This year's men's British road race championship race will be a severe test of strength and stamina for the 130 riders on the start sheet. Starting in the town of Barley this Sunday, many of the top British pros will battle it out against the finest domestic riders in the UK.
There are eight Team Sky riders on the start sheet, as former British champion Russell Downing lines up with Ben Swift, Steve Cummings, Geraint Thomas, Chris Froome, Peter Kennaugh and Ian Stannard to form a powerful posse. The pressure will be on Dave Brailsford's team to produce the first rider across the line after 180km of tough racing on a hilly 7.5km circuit.
Bradley Wiggins name appears as the eighth Sky rider on the start list but he won't be riding the race ahead of another Tour de France challenge which lies ahead of him in July. Many rate Kennaugh as a potential future Tour de France contender and the current U23 champion has already won the silver and bronze medal in the last two championships.
Three top UK teams appear to have podium potential: Rapha-Condor-Sharp, Motorpoint-Marshalls Pasta and Endura Racing.
Rapha-Condor-Sharp will be out to defend the title won by Kristian House last year after he sprinted past Cervélo's Dan Lloyd in Abergavenny. House won a stage of the Tour of Japan earlier this season and Chris Newton showed that he is still a major force to be reckoned with after he won the Lincoln Grand Prix last month.
We will see if the team's recent diet of Tour Series criteriums has sharpened the riders' speed at the expense of the stamina needed to be in the saddle for five hours.
The Motorpoint-Marshalls Pasta squad has the biggest spread of ages in the team. Jonny McEvoy is still only 20 years old whilst Malcolm Elliott is at the other end of the spectrum and the Sheffield rider takes part just a few days short of his 49th birthday.
Ed Clancy is the most decorated of the team but the current Olympic team pursuit champion and track omnium world champion will have to put his climbing legs on if he wants a podium position.
The Endura Racing team will be without scoop signing Jack Bauer, who is not eligible due to his New Zealand nationality but Rob Hayles will be keen to produce the another performance liek that which saw him win him the title in 2008. This year he will be assisted by strong riders like Ian Wilkinson, Rob Partridge, Evan Oliphant, Ross Creber and James McCallum.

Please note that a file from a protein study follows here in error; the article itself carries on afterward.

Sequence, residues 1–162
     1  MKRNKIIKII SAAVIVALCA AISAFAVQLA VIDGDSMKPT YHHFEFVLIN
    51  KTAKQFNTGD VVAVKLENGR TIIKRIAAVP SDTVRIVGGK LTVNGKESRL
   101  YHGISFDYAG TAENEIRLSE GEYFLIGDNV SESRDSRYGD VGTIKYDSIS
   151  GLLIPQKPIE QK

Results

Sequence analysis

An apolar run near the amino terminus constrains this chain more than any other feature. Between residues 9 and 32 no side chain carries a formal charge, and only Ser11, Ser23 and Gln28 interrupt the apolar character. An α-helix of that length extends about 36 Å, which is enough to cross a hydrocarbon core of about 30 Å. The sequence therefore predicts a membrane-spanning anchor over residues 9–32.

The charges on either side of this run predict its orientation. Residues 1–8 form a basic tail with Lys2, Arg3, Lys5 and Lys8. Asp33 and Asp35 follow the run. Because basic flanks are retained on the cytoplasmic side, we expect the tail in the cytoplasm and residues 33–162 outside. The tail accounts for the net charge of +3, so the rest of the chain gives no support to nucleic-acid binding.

Cervélo Test Team field three riders - Roger Hammond and Jeremy Hunt are previous champions but Daniel Lloyd is chasing his first winner's jersey. A victory for Lloyd would be very popular with cycling fans. He won the silver medal last year and in 2007 when he finished behind David Millar (Garmin-Transitions). Cervélo has named the Bournemouth rider as first reserve for the Tour de France.
There is sure to be a special welcome for Saxo Bank's Jonathan Bellis, who lines up at his first major race since he recovered from head injuries sustained in a motor scooter accident in Italy last year. He is not expected to finish the event but it's a minor miracle that he is even back on two wheels.
Three key riders will be without the support of a team; Mark Cavendish (Columbia-HTC), Adam Blythe (Omega Pharma-Lotto) and David Millar will have to rely on a mixture their own ability and a little luck to be in with a chance of victory this year. Millar has done it before but there are many more riders with thousands of UCI ranked miles in their legs to beat this time.
Cavendish may not have sufficiently recovered from injuries suffered in his Tour of Switzerland crash to be on top form yet but the Manxman shows his strong character by turning up and competing for the top spot every year. The big teams will be looking to drop him on the climbs and avoid bringing him up to a sprint finish.
The circuit is on closed Lancashire roads just north of Burnley and the crowd will be treated to viewing the race 15 times. There are two major climbs on each circuit and these are expected to split the race up as legs get tired and the gaps start to appear when the hammer goes down.